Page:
Because the federal judiciary dismisses for “lack of standing” or “lack of jurisdiction” those Petitions by citizens who seek to remedy violations of the Constitution by public officials, the Congress of the United States shall adopt legislation to amend the Federal Rules of Civil Procedure and the Federal Rules of Criminal Procedure:

1. affirming the jurisdiction of all federal courts to hear challenges to the Constitutionality of any action by any state or federal public official, elected or appointed, or agency or department; and

2. to prohibit any and all federal courts from denying standing to any individual to challenge the Constitutionality of any action by any state or federal public officials, elected or appointed; and

3. to assure that any state or federal judge who violates the Rule related to paragraph “1” or “2” above shall be deemed to have violated his or her Oath of Office and shall be removed from office in accordance with existing Rules and disqualified from holding public office thereafter, and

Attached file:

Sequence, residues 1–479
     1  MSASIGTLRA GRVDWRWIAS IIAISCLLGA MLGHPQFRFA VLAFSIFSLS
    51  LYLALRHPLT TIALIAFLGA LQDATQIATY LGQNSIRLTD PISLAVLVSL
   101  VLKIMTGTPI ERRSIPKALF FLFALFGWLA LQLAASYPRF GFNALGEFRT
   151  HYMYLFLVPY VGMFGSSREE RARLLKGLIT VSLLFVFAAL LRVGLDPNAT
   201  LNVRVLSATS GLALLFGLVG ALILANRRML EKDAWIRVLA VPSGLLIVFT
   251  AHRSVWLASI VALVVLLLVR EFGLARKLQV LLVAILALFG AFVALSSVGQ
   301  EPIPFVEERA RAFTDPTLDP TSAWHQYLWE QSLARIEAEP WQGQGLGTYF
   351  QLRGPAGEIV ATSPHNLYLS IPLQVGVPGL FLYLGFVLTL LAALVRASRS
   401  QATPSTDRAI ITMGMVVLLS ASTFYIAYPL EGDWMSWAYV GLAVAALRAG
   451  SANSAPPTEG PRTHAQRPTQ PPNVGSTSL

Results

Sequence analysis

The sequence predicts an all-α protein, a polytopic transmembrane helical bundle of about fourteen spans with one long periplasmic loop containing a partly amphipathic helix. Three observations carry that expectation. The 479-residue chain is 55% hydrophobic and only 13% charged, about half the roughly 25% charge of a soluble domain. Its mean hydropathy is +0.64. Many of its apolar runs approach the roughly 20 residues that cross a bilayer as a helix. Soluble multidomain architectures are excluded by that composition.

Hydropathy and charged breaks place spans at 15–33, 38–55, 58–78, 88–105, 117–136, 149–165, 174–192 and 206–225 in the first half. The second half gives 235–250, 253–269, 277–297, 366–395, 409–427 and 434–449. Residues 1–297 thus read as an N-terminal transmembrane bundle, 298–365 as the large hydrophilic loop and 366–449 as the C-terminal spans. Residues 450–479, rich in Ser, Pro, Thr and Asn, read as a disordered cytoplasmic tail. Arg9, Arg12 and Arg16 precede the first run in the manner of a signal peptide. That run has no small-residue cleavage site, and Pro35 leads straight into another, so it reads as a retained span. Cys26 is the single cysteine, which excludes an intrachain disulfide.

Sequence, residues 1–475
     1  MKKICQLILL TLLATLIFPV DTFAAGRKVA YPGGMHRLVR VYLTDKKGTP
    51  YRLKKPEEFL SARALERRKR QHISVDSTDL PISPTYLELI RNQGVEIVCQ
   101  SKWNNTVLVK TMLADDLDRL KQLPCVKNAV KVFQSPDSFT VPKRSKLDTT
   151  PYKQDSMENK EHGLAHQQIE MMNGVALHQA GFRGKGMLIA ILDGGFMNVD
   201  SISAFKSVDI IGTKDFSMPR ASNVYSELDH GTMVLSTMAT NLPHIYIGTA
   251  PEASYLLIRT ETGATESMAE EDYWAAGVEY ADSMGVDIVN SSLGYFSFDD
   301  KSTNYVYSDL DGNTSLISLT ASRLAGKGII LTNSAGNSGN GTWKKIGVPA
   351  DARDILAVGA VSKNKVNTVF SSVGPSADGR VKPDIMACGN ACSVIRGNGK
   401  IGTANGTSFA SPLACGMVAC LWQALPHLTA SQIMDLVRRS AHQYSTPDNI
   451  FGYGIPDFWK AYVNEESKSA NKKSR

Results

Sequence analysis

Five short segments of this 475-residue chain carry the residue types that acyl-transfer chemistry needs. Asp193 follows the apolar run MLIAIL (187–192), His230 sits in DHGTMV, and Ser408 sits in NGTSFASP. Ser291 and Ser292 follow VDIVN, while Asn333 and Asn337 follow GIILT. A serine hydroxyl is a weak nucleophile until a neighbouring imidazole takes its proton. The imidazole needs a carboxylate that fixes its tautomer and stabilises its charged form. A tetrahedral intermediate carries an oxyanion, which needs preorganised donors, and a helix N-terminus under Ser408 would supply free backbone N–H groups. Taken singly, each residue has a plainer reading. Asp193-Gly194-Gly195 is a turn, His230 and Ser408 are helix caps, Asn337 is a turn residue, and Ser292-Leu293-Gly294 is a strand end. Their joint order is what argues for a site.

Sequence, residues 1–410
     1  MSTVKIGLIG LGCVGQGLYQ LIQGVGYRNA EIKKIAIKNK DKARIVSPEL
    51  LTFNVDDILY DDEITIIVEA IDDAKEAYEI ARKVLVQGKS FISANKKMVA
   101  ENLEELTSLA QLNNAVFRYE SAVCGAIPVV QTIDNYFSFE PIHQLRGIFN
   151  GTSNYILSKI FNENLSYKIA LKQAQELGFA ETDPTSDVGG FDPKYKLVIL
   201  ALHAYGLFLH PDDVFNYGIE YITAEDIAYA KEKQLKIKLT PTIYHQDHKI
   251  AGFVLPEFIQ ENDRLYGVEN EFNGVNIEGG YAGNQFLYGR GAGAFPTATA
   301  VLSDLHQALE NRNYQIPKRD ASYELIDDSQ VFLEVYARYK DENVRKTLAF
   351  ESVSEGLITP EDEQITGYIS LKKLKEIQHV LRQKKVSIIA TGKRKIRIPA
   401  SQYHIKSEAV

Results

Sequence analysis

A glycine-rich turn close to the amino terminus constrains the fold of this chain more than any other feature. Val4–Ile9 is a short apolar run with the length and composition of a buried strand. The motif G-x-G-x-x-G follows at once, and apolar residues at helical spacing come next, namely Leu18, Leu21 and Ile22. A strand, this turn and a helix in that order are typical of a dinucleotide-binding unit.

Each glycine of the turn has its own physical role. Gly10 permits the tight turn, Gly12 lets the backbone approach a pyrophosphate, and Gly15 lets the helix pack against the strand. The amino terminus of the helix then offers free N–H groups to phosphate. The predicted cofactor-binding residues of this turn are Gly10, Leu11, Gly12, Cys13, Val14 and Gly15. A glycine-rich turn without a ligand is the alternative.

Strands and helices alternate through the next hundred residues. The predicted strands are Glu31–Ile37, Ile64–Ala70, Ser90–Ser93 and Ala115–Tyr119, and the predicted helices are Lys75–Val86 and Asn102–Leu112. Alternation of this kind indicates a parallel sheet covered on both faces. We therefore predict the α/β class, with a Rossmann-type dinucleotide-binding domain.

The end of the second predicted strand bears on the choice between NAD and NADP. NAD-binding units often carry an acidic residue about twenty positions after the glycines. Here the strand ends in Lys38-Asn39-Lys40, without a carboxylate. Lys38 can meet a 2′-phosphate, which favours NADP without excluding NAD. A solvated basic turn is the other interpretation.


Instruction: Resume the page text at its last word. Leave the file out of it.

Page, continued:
4. defining the meaning of the word “proper,” within the context of the first paragraph above,  as follows:

The term “Petition” is not defined in the Constitution.  To be sure, a communication, to be protected as a Petition to the Government for Redress of Grievances would have to embody certain components to ensure that the document was a Petition and not a “pretended petition.”  Not all communications, nor just any document, can be regarded as a Constitutionally-protected Petition for Redress of Grievances.  Petitions for Redress that qualify for protection by the First Amendment include Petitions to remedy violations of the Constitution, which:

  • are serious and documented, not frivolous;
  • contain no falsehoods;
  • are not absent probable cause;
  • have the quality of a dispute;
  • come from a person outside of the formal political culture;
  • contain both a “direction” and a “demand” for relief;
  • have been punctilious (meaning, it follows formatting conventions);
  • address public, collective grievances;
  • involve Constitutional Principles;
  • have been signed only or primarily by citizens; 
  • have been dignified (meaning authenticated);
  • have widespread participation and consequences;
  • are instruments of deliberation not agitation;
  • prove new information;
  • do not advocate violence or crime.




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